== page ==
Access Strategy and Improvement
This month, we present a discussion of issues related to dialysis access, an area of endovascular therapy with extensive multidisciplinary involvement. Howard Katzman, MD, talks with Endovascular Today about the Vascular Access Society of the Americas and its role in chasing the goal of 66% fistula prevalence. He discusses why access patients are seen too late in the US compared to Europe and Japan and the emerging trend of freestanding arteriovenous access centers.
Lawrence Spergel, MD, and Vickie Peters, RN, update us on the Fistula First initiative, its background, challenges, and progress.
James F. McGuckin, MD, highlights the evolution and development of C-arm imaging and explains that improvements in the technology have enabled physicians to branch away from hospital-based care and to provide quality, minimally invasive medicine at freestanding centers.
Gregg Miller, MD; Konstantin Khariton; and Naveen Goel, MD, explain the issues involving tunneled catheters. Due to the higher risk of complications, catheters should be avoided whenever arteriovenous fistulas or synthetic grafts can be used for hemodialysis access. However, when a catheter must be used as a long-term dialysis access, appropriate catheter design and advanced features should be heavily considered to minimize risk of placement and maximize efficiency of the access, the authors say.
Peter H. Lin, MD, and coauthors explain that the number of patients who need maintenance hemodialysis has risen steadily over last 20 years, and with that continual maintenance comes complications including graft thrombosis, infection, and pseudoaneurysm formation. To face this latter problem, they discuss a treatment strategy for excluding pseudoaneurysms using stent grafts.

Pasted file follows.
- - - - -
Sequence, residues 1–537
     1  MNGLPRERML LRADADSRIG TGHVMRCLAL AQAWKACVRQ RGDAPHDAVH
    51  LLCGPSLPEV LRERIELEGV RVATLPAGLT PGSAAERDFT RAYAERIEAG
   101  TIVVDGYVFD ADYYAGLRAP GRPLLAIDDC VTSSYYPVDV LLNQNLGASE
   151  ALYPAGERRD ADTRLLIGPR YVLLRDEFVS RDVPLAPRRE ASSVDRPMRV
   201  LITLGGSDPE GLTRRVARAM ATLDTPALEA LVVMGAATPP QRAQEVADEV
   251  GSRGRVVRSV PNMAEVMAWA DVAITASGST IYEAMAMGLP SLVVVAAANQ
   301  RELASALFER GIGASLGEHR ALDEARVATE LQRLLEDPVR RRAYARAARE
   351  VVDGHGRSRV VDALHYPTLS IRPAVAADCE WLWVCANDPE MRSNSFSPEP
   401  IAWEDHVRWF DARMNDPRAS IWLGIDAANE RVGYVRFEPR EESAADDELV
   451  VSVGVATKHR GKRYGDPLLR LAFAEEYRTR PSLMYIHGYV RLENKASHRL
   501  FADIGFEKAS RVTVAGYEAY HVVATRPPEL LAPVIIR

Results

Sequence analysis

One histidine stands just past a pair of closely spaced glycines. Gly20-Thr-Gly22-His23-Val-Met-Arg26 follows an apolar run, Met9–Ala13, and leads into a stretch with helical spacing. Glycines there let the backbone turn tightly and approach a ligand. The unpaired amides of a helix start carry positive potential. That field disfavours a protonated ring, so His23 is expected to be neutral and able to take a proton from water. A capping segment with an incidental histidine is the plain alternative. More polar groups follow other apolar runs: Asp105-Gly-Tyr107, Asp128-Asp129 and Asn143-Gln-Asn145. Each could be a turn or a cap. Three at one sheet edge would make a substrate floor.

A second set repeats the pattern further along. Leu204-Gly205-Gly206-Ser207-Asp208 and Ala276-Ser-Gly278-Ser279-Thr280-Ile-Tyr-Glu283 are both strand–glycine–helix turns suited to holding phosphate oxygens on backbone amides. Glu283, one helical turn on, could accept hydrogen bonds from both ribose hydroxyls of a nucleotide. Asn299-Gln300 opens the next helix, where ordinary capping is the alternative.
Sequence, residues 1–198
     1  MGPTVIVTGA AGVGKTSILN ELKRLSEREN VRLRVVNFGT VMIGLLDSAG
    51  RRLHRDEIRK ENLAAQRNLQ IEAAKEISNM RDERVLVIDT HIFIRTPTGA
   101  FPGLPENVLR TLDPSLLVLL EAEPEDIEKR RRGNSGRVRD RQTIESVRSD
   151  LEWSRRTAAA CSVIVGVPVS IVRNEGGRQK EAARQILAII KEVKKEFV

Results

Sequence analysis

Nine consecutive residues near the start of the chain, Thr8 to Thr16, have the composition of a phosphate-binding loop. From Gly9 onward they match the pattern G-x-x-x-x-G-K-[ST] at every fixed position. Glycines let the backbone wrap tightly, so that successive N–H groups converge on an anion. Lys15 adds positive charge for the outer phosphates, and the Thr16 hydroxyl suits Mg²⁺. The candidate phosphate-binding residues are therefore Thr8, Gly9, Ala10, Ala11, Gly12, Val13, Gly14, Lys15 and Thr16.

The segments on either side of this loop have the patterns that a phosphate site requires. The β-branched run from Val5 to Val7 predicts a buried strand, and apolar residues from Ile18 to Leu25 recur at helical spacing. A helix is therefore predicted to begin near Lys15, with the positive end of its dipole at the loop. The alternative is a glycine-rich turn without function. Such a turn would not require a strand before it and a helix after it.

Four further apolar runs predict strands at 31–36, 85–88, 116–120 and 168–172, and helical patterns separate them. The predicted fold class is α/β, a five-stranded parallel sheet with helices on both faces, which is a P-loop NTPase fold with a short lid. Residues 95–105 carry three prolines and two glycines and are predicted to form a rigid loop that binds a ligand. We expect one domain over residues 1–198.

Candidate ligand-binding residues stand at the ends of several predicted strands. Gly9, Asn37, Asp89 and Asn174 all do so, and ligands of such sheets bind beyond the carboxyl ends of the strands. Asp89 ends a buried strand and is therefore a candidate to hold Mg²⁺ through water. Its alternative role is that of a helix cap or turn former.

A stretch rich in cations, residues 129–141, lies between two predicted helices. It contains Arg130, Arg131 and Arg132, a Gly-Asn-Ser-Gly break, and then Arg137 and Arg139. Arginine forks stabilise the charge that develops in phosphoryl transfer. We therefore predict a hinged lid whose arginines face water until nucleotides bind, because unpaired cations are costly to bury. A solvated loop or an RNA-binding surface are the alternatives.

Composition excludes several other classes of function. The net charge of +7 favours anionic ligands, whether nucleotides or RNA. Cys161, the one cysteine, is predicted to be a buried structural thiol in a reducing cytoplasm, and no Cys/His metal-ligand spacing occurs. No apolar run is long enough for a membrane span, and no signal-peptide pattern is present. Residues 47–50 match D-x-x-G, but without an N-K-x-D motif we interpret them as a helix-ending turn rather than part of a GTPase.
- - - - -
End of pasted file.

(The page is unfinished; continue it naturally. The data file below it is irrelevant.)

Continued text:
We also present an update on spinal interventions. Robert V. Purtock, MD, helps explain the often-confusing issues surrounding reimbursement for percutaneous vertebroplasty, and Mick Perez-Cruet, MD, MS, takes a look at vertebral augmentation procedures for compression fractures, one of a number of minimally invasive spinal techniques that has improved healthcare delivery.
Gustav R. Eles, DO; Mark H. Wholey, MD; and Robert L. Maholic, DO, contribute this month's New Technology column and describe a case in which a deflectable-tip guide sheath was successfully used via a brachial approach in a patient who was not a surgical candidate and had no femoral access due to severe aortoiliac disease.
Edward Woo, MD, describes a novel technique using iliac limb extensions to treat various aortic diseases and injury pathologies that may otherwise have been untreatable via an endovascular approach.
Our Today's Practice article by Michael R. Jaff, DO; L. Eleanor J. Herriman, MD, MBA; and myself discusses how digital instruments can provide personalized and interactive care for the evolving healthcare marketplace.
An interview with K. Craig Kent, MD, rounds out our July issue. The outgoing President of the SVS discusses the challenges facing vascular surgery, the role of the individual surgeon, and the bright future he sees for the specialty.
We hope you find this issue of Endovascular Today to be an engaging summer read. We are looking forward to providing you with the latest coverage of critical limb ischemia in our August issue.